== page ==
and the 3rd(z) column is the "at" or "direction" vector.

Left.x = m[0][0]; Up.x = m[0][1]; Dir.x = m[0][2];
Left.y = m[1][0]; Up.y = m[1][1]; Dir.y = m[1][2];
Left.z = m[2][0]; Up.z = m[2][1]; Dir.z = m[2][2];

although i'm not sure if they need normalized or not, but i'd imagine so (i just always do...)

what i do every frame to is generate my view matrix ( from a quaternion ), then extract the orientation from it, and use that for the camera, like moving directions and stuff.

hope that helps you out.

plus, if you know how to transform a quaternion into a matrix, you can skip the matrix construction and go right from quaternion to vectors.


Edited by - Succinct on February 1, 2001 7:31:31 PM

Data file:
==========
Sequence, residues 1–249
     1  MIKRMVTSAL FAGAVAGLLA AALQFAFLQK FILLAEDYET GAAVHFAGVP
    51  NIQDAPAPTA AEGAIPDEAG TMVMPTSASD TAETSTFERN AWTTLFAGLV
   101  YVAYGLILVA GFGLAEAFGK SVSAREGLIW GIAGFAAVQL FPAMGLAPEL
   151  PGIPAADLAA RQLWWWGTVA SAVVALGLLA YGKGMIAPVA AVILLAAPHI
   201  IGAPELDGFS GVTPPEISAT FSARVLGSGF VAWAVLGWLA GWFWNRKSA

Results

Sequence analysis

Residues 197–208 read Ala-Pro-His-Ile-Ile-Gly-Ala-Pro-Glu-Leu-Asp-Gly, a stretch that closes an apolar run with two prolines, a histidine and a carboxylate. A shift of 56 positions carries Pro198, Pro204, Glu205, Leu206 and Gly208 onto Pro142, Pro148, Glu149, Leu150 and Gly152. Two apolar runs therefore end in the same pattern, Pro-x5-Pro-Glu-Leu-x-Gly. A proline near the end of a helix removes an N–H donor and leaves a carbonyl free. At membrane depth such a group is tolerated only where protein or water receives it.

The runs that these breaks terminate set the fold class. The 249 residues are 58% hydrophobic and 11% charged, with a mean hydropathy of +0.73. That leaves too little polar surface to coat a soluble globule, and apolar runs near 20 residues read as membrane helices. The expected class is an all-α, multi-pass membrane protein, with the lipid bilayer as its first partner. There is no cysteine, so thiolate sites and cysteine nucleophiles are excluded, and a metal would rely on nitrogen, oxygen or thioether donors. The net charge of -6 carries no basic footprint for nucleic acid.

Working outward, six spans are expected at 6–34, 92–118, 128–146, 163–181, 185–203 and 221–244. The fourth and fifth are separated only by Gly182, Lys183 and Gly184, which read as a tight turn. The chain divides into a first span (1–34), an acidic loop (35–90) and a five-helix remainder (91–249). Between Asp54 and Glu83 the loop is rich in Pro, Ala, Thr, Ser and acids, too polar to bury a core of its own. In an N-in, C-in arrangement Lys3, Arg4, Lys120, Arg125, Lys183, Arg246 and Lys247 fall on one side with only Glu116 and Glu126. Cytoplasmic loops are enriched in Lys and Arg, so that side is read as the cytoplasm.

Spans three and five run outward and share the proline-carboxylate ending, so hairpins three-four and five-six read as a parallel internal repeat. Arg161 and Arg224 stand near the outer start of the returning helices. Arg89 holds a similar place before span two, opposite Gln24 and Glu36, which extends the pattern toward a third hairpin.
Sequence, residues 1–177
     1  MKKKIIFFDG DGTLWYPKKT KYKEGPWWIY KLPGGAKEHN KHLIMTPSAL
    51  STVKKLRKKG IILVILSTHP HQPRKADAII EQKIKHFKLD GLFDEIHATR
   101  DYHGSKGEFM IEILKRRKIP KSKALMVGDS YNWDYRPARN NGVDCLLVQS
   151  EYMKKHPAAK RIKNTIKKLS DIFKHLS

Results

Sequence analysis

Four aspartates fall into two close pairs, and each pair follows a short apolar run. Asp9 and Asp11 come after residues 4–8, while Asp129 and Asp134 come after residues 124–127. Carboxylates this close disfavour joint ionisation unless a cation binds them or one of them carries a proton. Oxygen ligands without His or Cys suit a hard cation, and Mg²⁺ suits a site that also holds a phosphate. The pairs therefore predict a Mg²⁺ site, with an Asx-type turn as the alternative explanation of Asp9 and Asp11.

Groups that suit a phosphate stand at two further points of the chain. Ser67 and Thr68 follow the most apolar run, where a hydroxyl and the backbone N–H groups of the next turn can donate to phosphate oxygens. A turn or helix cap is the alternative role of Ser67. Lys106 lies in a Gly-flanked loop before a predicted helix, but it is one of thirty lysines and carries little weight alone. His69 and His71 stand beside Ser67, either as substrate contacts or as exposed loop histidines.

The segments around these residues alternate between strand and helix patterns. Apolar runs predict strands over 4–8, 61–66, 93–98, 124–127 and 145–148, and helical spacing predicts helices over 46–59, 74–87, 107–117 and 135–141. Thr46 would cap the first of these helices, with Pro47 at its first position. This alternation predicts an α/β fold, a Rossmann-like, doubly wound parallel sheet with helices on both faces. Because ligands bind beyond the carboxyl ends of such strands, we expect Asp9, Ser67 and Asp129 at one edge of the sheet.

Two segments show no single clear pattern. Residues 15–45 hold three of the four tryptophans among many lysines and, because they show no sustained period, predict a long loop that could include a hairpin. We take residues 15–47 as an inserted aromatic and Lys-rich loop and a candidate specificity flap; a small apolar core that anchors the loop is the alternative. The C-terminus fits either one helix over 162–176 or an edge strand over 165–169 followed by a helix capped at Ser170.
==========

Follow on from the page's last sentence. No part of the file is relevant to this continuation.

Share this post


Link to post
Share on other sites
Succinct,

At the moment I have a 3x3 matrix like you say - with the left vector row one, the up vector row two and the forward vector row three.

Each time I need to orientate an object I set the 3x3 to an identity matrix, then apply a pitch rotation to the identity, then applying a yaw rotation to the combined (identity & pitch) rotation, then applying a roll rotation to the combined (pitch & yaw) rotation.

I get the objects coordinates in the transformed coordinate system by multiplying a point with the resulting matrix - it works o.k., until I try to do two rotations at once (eg. pitch & yaw).

The problem I have understanding Diana's tutorial is that she refers to an axis-angle representation and I'm not real familiar with that (I understand the idea, but have not tried to get it working).

I'm finding these combined rotations really frustrating - I know I have to eliminate Gimbal lock (which I think is what I am experiencing), but noone can explain quaternions in simple enough terms for me to understand - and I do not use anything in my program until I understand it fully.